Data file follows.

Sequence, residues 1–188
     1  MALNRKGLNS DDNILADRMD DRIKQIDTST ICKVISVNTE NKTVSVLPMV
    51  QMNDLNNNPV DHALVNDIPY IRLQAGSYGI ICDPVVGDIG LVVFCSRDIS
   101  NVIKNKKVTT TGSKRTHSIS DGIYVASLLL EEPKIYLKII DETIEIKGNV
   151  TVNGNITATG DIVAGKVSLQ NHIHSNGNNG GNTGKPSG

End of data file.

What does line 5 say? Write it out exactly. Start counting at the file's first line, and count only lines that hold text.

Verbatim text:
   151  TVNGNITATG DIVAGKVSLQ NHIHSNGNNG GNTGKPSG